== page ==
‘Angry Birds’

Today’s startups are the bright spot for the European technology scene. Drawn by the success of young companies including Finland’s Rovio Entertainment Oy, the maker of “Angry Birds” mobile games, and London-based online jukebox Spotify Ltd., venture-capital firms are raising their exposure to Europe, betting that nascent innovation hubs in London and Berlin can deliver the next big thing.

Even the hottest startups, however, face challenges particular to Europe and its topsy-turvy stock markets, which have hosted just 14 initial public offerings of technology companies in the past two years, while U.S. markets have welcomed 21. And Europe’s venture-capital scene remains small compared to that in the U.S.

Europe’s Crisis

“When the private and public capital markets are dislocated, access to equity for earlier-stage companies is more difficult, leaving selling as the only real option to staying the course,” said George Patterson, the head of technology investment banking for Europe, Middle East and Africa at Barclays Capital in London.

Difficulty turning small startups into large, independent engines of employment and growth comes at an inopportune time for European governments slammed by the region’s debt and economic crises. In the U.K., Prime Minister David Cameron has backed plans to build in London a high-tech answer to Northern California. In France, a country with zero economic growth, the government has supported an academy for aspiring entrepreneurs.

That strategy, though, isn’t about to challenge Silicon Valley. Marten Mickos would know. The founder of Swedish database-software maker MySQL AB, which was bought for $1 billion by Sun Microsystems Inc. in 2008, moved to California nine years ago after promising U.S.-based venture-capital investors he would relocate as part of a financing round. He hasn’t looked back.

“It’s such a unique place even for Americans,” Mickos said. “I don’t think it’s a damning indictment especially of Europe. There are many companies in the U.S. that feel they need to move here. Everybody has lost against Silicon Valley, not just Europe.”

To contact the reporters on this story: Matthew Campbell in London at; Jonathan Browning in London at

To contact the editors responsible for this story: Kenneth Wong at; Jacqueline Simmons at


Obama Spends More Than He Raises as Aides See Romney Edge

By Julie Bykowicz and Jonathan D. Salant - Jun 21, 2012 7:44 AM GMT+0700

President Barack Obama spent more on his re-election effort last month than he raised, ending May with $109.7 million cash on hand, according to U.S. Federal Election Commission reports filed today.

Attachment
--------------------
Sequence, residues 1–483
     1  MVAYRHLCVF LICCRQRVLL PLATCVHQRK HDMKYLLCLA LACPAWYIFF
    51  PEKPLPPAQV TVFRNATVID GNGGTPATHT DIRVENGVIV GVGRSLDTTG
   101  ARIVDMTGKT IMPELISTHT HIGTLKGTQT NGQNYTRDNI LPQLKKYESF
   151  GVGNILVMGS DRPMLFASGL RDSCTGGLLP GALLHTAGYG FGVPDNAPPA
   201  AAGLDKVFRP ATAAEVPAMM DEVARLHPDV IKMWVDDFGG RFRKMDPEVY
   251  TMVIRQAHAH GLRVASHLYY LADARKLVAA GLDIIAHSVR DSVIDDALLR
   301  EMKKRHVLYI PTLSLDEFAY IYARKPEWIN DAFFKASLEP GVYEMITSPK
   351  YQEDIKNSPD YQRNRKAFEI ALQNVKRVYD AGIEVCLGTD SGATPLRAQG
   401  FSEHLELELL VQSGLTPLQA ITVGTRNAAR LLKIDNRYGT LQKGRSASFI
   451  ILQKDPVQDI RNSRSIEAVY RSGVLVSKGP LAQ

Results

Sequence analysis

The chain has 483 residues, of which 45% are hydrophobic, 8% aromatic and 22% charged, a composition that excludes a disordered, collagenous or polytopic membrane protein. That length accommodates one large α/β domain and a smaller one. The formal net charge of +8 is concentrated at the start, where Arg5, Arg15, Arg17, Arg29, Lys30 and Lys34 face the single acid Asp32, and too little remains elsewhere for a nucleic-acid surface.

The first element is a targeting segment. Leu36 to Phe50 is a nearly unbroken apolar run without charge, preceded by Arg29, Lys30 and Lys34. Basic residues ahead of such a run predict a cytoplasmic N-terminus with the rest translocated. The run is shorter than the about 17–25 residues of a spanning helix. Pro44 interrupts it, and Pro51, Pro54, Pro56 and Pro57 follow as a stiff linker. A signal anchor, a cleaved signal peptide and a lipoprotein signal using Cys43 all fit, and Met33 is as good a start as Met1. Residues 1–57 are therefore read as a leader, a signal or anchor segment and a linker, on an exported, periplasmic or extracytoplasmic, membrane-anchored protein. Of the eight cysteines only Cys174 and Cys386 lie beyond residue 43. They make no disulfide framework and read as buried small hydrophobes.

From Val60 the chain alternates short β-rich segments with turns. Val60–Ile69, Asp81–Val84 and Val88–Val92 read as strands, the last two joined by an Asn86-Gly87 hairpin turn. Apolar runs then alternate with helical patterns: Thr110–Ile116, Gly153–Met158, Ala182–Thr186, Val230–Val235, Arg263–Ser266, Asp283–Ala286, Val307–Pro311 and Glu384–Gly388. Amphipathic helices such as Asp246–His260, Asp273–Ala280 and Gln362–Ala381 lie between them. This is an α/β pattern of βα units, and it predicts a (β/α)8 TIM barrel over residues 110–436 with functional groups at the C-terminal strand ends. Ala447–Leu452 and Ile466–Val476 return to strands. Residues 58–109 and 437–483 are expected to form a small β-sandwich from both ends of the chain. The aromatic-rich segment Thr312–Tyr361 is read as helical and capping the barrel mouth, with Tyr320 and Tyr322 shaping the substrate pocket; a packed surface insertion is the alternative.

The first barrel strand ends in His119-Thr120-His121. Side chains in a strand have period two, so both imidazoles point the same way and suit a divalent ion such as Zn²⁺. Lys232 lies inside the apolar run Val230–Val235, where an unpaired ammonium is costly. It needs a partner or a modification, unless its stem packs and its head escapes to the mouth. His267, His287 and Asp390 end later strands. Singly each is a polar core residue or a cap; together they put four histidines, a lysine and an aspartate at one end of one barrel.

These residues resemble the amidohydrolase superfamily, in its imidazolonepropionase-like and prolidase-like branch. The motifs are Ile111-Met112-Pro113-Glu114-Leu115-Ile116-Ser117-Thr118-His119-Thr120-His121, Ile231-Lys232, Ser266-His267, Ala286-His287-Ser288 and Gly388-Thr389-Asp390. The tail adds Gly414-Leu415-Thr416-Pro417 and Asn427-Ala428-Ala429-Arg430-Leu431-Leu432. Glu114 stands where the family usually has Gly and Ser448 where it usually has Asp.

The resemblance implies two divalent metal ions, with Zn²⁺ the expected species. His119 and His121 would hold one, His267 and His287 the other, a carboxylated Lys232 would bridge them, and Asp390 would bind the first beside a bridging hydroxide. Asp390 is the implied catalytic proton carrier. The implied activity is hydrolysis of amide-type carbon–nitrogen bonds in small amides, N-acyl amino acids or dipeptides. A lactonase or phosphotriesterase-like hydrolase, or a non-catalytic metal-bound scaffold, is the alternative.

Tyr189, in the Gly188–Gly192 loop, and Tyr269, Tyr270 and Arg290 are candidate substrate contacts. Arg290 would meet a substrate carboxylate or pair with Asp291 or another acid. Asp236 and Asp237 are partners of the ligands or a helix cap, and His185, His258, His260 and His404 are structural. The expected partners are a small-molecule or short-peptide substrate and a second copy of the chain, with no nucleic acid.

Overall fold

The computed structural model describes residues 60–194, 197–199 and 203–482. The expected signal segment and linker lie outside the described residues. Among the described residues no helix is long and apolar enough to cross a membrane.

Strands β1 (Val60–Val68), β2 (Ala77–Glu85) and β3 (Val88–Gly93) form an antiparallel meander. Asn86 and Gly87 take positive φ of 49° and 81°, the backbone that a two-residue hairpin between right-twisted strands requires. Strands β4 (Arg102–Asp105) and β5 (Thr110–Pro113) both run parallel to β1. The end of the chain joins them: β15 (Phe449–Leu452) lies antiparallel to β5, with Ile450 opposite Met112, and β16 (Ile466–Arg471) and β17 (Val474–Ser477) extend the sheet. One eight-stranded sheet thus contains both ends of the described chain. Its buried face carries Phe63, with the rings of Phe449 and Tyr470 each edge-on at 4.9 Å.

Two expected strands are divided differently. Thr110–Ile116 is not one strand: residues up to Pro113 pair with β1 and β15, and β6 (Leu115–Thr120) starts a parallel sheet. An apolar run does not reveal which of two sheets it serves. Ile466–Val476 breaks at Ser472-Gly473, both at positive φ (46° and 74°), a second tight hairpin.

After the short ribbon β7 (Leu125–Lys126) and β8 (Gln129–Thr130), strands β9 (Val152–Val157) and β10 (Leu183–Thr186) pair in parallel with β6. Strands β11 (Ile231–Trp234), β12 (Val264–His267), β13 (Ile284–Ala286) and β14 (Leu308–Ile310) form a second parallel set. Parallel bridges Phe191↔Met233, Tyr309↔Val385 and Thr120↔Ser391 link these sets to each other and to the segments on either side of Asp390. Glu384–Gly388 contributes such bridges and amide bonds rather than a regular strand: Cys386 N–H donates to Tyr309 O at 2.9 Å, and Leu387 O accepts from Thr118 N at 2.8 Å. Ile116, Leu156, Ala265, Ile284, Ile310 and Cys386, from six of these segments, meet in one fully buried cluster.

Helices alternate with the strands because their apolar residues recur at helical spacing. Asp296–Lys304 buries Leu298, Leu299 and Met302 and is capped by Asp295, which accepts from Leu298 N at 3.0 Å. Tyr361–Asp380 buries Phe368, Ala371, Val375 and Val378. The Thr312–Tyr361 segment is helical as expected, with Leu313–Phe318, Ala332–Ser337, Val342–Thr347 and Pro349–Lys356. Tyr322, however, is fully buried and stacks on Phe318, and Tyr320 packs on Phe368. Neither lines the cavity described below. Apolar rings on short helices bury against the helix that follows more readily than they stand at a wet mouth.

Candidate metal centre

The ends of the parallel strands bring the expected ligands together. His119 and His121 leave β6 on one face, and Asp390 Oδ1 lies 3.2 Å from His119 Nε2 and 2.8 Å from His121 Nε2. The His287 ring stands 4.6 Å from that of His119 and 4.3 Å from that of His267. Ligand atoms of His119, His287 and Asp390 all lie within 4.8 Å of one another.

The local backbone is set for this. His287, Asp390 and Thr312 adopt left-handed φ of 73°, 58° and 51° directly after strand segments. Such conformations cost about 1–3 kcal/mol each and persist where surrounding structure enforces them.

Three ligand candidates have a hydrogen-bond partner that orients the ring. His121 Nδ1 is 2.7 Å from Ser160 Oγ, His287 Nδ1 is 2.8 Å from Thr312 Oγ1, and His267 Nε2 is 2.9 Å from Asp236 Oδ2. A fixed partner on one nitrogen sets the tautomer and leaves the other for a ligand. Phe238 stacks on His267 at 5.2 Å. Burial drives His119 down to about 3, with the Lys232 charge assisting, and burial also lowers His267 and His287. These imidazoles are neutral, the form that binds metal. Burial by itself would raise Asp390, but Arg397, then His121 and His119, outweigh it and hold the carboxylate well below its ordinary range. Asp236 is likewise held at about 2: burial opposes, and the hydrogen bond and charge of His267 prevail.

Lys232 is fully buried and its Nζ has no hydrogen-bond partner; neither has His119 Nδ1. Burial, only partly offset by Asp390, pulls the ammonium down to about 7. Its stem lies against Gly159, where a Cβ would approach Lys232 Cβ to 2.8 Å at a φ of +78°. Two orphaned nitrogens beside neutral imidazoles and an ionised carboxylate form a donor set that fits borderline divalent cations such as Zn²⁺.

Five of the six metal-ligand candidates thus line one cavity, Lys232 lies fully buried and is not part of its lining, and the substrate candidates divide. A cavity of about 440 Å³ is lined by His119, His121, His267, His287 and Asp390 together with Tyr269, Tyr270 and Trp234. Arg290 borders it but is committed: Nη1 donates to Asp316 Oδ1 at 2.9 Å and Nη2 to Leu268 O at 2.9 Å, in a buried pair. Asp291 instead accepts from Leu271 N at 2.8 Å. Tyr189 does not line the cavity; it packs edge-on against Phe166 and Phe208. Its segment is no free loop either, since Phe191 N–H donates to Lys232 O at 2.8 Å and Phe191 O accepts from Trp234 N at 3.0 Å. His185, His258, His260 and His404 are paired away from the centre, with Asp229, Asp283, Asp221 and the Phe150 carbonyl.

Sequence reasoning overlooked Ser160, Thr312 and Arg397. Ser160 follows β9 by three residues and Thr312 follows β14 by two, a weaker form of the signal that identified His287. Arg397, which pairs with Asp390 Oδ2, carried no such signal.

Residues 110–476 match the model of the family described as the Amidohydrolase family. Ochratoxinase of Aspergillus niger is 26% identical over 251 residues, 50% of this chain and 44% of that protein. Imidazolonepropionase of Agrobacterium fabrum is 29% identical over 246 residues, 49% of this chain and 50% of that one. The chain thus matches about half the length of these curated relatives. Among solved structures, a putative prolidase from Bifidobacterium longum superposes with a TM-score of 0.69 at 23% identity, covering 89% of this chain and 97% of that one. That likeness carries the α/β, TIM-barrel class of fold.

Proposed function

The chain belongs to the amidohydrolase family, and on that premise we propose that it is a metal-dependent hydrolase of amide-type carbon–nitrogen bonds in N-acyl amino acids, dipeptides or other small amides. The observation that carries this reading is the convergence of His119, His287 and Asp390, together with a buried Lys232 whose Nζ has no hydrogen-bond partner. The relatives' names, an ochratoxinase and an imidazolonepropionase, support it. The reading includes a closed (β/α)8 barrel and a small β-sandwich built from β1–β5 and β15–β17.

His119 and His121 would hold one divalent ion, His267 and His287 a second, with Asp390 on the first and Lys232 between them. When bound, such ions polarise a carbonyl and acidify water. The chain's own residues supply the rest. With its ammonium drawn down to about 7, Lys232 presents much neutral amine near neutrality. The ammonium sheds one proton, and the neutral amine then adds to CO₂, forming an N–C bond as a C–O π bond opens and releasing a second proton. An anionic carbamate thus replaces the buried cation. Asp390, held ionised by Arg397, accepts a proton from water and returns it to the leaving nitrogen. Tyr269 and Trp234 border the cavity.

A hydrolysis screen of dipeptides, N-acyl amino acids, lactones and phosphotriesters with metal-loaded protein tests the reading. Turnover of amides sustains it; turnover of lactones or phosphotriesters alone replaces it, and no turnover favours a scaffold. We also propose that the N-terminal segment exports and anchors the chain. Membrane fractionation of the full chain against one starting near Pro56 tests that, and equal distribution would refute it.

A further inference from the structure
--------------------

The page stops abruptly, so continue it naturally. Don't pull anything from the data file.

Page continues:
The $39.1 million his campaign took in was outpaced by $44.6 million it paid for television advertisements, employees, offices and other expenses, the reports show. The spending rate is a reversal from the past three months, when the campaign was taking in millions of dollars more than it was spending.

June 20 (Bloomberg) -- Paul Levy, co-founder and managing director at JLL Partners Inc., talks about President Barack Obama's handling of the economy and attitude toward private equity. Levy speaks with Stephanie Ruhle and Matthew Dowd on Bloomberg Television's "Market Makers." (Source: Bloomberg)

June 18 (Bloomberg) -- Ann Romney, wife of Republican presidential candidate Mitt Romney, introduces her husband during a campaign stop aboard a Mississippi River boat today near Dubuque, Iowa. (Source: Bloomberg)

Republican challenger Mitt Romney reported raising $23.4 million last month, bringing his total to almost $124 million, less than half of Obama’s $261 million haul. Romney had $17 million in the bank, one-sixth of the incumbent’s total. The former Massachusetts governor spent $15.6 million, less than he took in during May.

The money is just part of the cash being poured into the campaign. Both candidates are raising funds jointly with national and state political parties, allowing donors to give larger contributions. In addition, nonprofit groups and super- political action committees are taking in unlimited corporate, union and individual donations and spending millions.